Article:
How to

10 June 2016

Coping with the Perpetual Darkness of Polar Night


Famously, some places spend weeks or even months bathed inconstant sunlight, otherwise known as ‘midnight sun’, or ‘polar day’. Travel further into the polar circle and the opposite happens, long stretches of nothing but night. This comes in a few different flavours:

  • Polar twilight – The sun is either on or just below the horizon, allowing a small amount of light to spread, but not enough to be able to switch street lights off.
  • Civil polar light – Only the most vague hint of light at around midday, total darkness otherwise.
  • Nautical polar night – Even less evidence of light, some areas get a little more due to refraction, but otherwise nothing.
  • Astronomical polar night – Total, blanket darkness. Even the dimmest stars visible to the naked eye will be on display throughout the day.


The further inward you go, the further into this scale you go. A number of towns and regions in Scandinavia and Russia experience civil polar night, while the northernmost part of Canada gets nautical polar night from late November until the start of January. Astronomical polar night, meanwhile, is reserved for places far deeper into the circle, most famously the Amundsen-Scott South Pole Station, which is plunged into blackness from May 14 to July 28.

Many of the places that experience any of level of this on-going dark more or less completely clear out during these periods, but for those that don’t, there are a lot of psychological adjustments which need to be made in order to carry on daily life without going mental and building a shrine to Apollo in your downstairs broom cupboard.

In Norway, there is a lot of awareness campaigning about seasonal affective disorder (SAD), a kind of winter depression which can be heavily exacerbated by the long night. Locals are taught about it in school, reminded by government TV and internet ads and are generally always sure to prepare themselves for the onset. Regular intake of cod liver oil to maintain vitamin D is also a common practise, as well as more general daily maxims like staying active and exercising year round. There are a number of festivals that take place in towns which experience polar night, as well.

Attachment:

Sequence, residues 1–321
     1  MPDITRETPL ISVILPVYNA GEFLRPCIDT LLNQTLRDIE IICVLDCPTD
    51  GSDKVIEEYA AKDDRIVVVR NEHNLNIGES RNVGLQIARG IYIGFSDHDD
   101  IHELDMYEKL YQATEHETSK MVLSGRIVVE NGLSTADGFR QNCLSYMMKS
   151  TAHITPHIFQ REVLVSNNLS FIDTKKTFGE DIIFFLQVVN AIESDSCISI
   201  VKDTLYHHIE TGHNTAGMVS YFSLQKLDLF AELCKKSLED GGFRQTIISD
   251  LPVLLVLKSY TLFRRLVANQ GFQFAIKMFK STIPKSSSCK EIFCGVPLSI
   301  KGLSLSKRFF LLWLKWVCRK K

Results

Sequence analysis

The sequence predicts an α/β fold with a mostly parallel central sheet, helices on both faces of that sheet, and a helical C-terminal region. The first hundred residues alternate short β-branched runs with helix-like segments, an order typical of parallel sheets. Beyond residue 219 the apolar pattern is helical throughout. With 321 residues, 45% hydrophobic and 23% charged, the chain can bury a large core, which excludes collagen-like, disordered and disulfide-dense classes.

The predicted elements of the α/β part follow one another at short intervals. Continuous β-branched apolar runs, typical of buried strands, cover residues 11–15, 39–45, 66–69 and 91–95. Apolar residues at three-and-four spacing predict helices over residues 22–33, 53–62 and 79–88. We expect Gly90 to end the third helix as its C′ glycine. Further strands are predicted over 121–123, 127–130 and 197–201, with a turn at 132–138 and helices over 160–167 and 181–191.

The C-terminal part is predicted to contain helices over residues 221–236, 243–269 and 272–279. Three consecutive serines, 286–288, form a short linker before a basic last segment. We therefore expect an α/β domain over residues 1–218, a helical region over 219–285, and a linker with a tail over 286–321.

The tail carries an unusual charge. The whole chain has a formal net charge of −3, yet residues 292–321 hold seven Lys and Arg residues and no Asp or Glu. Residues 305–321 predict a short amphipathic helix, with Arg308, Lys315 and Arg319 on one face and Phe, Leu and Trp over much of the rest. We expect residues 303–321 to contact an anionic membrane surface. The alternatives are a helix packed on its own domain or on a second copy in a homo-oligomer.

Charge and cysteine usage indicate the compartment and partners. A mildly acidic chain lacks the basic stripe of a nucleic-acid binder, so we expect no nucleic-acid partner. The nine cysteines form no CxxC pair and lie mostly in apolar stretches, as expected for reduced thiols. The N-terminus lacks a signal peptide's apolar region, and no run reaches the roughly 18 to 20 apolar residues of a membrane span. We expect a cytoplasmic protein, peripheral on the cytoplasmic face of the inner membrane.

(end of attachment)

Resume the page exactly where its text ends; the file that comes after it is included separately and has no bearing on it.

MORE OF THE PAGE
In Barrow, Alaska, they experience 51-67 days without the sun, as well as some of the nastiest weather in the state. The residence base their calendar around the long stretches of light and dark, changing work hours, increasing or decreasing emphasis on social activity and once again try to get outdoors as much as they can.

Murmansk is the largest city in the world to reside within the Arctic Circle, and as such, they also get about 6 weeks of polar night. Some locals take to ‘ice bathing’ during this period, cutting a whole in a frozen lake and well, just getting in. It sounds awful, but it has been shown to incite feelings of euphoria, and a boost to the immune system. How much this actually helps is debatable, it’s mainly just a tradition, but it plays into the resilient attitude which all the hardy residents take.

Even with that taken into account, rates of depression, emotional disorders and suicide are all very high.  In darkness, the brain produces a larger quantity of melatonin, which can play into the development of SAD when it builds up. Alcoholism is also rampant. There have been various weird and wonderful attempts by the Russians to address this, such as the attempted launch of a giant mirror from the Mir space station to reflect sunlight onto the Arctic. For a while, they also introduced stations where people could be bathed in UV light to balance their systems out.


Nothing has really worked in a fundamental way, though. Murmansk citizens, as well as those in the surrounding fishing villages, just have to deal with it, and often tensions can run high. All they can do is embrace and accept it, and the same rule applies to anyone who lives in this kind of environment. Poor living conditions can be improved, economies go up and down, but you can’t change the angle of the sun. 


Callum Davies

Callum is a film school graduate who is now making a name for himself as a journalist and content writer. His vices include flat whites and 90s hip-hop.